García Ramírez of Navarre

From Wikipedia, the free encyclopedia
García Ramírez
García Ramírez in the Semblanzas de reyes
King of Navarre
Reign1134 – 1150
SuccessorSancho VI
Bornc. 1112
Died21 November 1150
(m. 1130; died 1141)
(m. 1144)
HouseHouse of Jiménez
FatherRamiro Sánchez
MotherCristina Rodríguez

García Ramírez (Basque: Gartzea Remiritz), sometimes García IV[a], V[b], VI[c] or VII[d] (c. 1112 – 21 November 1150), called the Restorer (Spanish: el Restaurador, Basque: Basque: Berrezarlea), was the King of Navarre (Pamplona) from 1134. The election of García Ramírez restored the independence of the Navarrese kingdom after 58 years of political union with the Kingdom of Aragon. After some initial conflict he would align himself with king Alfonso VII of León and Castile, and as his ally take part in the Reconquista.


García was born to Ramiro Sánchez, lord of Monzón, whose own father Sancho was an illegitimate son of king García Sánchez III of Navarre.[1][2] His mother was Cristina, daughter of the Castilian nobleman Rodrigo Díaz de Vivar, better known as El Cid. He succeeded his father as lord of Monzón and also held Logroño.

In 1134, a succession crisis arose in the united kingdoms of Navarre and Aragon. As a consequence of the 1076 murder of king Sancho IV of Navarre by his siblings, Navarre had been partitioned between Castile and Aragon, with the kings of the latter claiming the Navarrese crown. With the death of the childless warrior-king Alfonso the Battler of Navarre and Aragon in 1134, the succession of both kingdoms fell into dispute. In his unusual will, Alfonso had left the combined kingdoms to three crusading orders, which effectively neutralized the Papacy from exercising a role in selecting among the potential candidates. Immediately rejected the will, the nobility of Aragon favored Alfonso's younger brother Ramiro, a monk. The nobility of Navarre, skeptical of Ramiro having the necessary temperament to resist the incursions by their western neighbor, king Alfonso VII of León and Castile, who was another claimant, and perhaps chafing under the continued Aragonese hegemony,[3] initially favored a different candidate, Pedro de Atarés, a grandson of Alfonso's illegitimate uncle, Sancho Ramírez, Count of Ribagorza. A convocation of the bishops and nobility was convened at Pamplona to decide between Pedro and Ramiro, but were so alienated by Pedro's arrogance that they abandoned him in favor of García Ramírez, Lord of Monzón, a scion of their own dynasty, grandson of a brother of their murdered king Sancho IV. He was duly elected by the nobility and clergy of Navarre, while Ramiro was enthroned by that of Aragon and strongly opposed García's election in Navarre.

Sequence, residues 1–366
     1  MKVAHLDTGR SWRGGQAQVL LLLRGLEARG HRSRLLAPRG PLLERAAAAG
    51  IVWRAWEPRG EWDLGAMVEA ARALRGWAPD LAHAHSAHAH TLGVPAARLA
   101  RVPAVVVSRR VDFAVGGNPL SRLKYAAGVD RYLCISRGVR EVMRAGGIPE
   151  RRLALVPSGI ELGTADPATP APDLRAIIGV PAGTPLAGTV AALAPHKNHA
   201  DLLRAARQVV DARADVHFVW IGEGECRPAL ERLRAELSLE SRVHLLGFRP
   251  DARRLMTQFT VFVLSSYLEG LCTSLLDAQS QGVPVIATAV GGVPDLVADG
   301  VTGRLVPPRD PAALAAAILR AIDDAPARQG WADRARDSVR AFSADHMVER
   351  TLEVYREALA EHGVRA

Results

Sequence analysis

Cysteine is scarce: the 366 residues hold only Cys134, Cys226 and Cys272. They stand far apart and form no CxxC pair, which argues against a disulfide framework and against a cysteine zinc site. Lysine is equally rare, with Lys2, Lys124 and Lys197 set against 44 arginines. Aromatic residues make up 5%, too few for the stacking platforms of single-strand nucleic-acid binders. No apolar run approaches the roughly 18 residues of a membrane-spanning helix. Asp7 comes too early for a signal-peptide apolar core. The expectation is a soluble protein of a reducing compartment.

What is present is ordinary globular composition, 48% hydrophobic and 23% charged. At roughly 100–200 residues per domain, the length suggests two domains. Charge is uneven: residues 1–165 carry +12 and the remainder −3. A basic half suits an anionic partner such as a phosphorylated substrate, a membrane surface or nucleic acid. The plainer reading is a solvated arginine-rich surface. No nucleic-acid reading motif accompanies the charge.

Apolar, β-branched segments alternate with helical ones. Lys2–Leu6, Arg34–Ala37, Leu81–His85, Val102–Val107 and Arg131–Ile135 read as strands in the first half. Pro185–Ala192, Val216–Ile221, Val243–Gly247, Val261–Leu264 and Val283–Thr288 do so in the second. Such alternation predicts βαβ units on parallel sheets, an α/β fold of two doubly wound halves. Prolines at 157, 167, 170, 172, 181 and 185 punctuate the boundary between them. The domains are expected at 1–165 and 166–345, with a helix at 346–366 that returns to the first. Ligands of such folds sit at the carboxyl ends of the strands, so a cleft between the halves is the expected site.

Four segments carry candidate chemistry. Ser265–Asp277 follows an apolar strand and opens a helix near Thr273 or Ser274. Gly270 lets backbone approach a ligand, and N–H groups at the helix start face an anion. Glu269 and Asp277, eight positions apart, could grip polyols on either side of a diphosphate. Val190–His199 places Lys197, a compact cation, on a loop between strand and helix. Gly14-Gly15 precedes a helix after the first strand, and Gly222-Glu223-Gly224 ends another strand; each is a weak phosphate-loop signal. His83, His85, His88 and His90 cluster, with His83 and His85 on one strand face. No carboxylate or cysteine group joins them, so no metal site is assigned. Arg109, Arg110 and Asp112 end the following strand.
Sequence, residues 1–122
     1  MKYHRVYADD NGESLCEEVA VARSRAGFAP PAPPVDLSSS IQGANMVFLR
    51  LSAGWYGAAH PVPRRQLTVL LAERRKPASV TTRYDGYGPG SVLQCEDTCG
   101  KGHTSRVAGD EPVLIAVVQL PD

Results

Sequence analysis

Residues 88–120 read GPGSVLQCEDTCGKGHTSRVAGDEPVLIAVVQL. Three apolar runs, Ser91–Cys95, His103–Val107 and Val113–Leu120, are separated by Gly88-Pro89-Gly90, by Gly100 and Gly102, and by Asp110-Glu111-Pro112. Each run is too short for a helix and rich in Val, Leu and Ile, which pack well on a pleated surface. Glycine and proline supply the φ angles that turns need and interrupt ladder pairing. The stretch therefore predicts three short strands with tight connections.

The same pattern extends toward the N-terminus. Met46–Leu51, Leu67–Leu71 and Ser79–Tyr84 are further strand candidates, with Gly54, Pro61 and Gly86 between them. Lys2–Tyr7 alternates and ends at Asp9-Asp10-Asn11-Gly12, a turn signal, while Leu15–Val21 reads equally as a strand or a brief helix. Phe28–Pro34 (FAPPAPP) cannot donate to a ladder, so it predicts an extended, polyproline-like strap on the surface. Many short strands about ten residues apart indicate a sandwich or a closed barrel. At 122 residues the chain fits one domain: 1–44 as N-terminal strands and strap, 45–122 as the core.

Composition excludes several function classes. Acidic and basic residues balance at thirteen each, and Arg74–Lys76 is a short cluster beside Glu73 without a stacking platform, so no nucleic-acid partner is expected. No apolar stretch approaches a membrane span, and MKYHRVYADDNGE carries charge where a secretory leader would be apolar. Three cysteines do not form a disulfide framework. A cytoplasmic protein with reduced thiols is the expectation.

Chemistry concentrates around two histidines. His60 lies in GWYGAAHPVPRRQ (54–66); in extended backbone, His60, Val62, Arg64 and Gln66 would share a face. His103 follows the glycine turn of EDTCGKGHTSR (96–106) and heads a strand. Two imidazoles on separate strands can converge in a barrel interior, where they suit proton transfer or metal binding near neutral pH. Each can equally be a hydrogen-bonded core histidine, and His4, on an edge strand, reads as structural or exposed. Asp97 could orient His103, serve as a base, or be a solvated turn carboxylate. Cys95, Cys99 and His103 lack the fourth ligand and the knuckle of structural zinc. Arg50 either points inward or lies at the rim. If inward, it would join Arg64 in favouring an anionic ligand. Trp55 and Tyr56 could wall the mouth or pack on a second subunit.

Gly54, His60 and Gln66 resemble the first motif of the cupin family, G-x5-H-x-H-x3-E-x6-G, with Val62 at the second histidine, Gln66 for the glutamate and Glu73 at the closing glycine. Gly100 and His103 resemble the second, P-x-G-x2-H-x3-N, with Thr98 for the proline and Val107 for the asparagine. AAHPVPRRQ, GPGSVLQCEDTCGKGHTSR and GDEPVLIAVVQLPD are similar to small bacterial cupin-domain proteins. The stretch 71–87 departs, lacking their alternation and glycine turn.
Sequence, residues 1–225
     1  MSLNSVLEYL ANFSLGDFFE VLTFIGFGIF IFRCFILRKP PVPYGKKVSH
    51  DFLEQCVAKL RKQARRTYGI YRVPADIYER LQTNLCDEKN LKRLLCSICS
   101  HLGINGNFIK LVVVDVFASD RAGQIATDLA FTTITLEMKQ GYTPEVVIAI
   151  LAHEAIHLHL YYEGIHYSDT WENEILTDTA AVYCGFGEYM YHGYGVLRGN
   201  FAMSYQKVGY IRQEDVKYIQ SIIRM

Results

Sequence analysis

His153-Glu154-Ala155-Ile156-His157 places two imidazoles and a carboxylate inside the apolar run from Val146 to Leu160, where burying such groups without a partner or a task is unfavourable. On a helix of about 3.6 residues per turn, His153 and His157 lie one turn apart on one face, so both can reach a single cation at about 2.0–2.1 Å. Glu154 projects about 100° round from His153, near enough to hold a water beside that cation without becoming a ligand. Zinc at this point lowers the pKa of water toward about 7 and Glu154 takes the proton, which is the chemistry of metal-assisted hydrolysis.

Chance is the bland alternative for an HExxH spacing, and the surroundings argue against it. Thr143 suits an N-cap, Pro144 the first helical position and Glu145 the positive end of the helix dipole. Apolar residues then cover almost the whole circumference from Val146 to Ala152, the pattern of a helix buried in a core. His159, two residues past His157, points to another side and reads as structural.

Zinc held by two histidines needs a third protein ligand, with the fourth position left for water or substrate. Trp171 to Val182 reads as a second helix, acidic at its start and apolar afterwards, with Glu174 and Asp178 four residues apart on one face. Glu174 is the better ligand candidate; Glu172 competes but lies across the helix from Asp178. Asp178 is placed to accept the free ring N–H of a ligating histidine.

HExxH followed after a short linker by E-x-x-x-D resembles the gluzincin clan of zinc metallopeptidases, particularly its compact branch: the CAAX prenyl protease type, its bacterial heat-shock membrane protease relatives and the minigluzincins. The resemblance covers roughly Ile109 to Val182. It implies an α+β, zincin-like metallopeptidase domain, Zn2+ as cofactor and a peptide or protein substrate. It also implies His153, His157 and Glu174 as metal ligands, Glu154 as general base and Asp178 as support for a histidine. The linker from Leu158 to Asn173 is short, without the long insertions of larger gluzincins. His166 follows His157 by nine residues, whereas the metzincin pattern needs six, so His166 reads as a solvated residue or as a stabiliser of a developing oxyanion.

In light of this, the Bishop of Pamplona granted García his church's treasure to fund his government against Ramiro's pretensions.[4] Among García's other early supporters were Lop Ennechones, Martinus de Leit, and Count Latro, who carried out negotiations on the king's behalf with Ramiro.[5] Eventually, however, in January 1135 with the Pact of Vadoluengo the two monarchs reached a mutual accord of "adoption": García was deemed the "son" and Ramiro the "father" in an attempt to maintain both the independence of each kingdom and the de facto supremacy of the Aragonese one. In May 1135, García declared himself a vassal of Alfonso VII. This simultaneously put him under the protection and lordship of Castile and bought recognition of his royal status from Alfonso, who was a claimant to the Battler's succession.[6] García's submission to Castile has been seen as an act of protection for Navarre that had the consequence of putting her in an offensive alliance against Aragon and, now that García had turned to Alfonso, forced Ramiro to marry and to produce an heir and to forge an alliance with Ramon Berenguer IV, Count of Barcelona.[7] On the other hand, García may have been responding to Ramiro's marriage, which proved beyond a doubt that the king of Aragon was seeking another heir than his distant relative and adopted son.[6]

 Family tree of candidates for the crowns of Navarre and Aragon , 1134
Candidates for the crowns of Navarre and Aragon in 1134
Marriage and legitimate descent
Liaison and illegitimate descent
Muniadona of
Sancho III
of Pamplona
of Aybar
Sánchez III
of Navarre
(mistress)Ferdinand I
of León
and Castile
of Foix
Ramiro I
Sancho IV
Garcés of
Alfonso VI
of León
and Castile
of Navarre
and Aragon
Count of
of Monzón
of León
and Castile

Ramiro II
Peter I
of Navarre
and Aragon
of Atarés
of Navarre
Alfonso VII
of León
and Castile

Berenguer IV
Count of